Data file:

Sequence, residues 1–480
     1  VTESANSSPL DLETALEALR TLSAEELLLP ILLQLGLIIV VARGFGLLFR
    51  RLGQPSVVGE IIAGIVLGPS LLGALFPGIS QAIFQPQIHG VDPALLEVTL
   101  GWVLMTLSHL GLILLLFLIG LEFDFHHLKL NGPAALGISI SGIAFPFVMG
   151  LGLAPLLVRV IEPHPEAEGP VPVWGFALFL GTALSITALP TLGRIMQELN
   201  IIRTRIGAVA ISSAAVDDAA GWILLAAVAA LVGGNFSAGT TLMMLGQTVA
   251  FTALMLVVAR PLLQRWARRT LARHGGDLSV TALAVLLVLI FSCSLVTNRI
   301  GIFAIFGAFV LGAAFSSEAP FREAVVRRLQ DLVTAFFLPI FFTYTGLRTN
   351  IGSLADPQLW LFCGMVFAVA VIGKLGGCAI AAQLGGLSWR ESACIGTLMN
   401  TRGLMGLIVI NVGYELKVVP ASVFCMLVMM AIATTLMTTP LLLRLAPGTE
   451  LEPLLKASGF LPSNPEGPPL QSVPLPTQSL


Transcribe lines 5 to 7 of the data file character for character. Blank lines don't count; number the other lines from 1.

   151  LGLAPLLVRV IEPHPEAEGP VPVWGFALFL GTALSITALP TLGRIMQELN
   201  IIRTRIGAVA ISSAAVDDAA GWILLAAVAA LVGGNFSAGT TLMMLGQTVA
   251  FTALMLVVAR PLLQRWARRT LARHGGDLSV TALAVLLVLI FSCSLVTNRI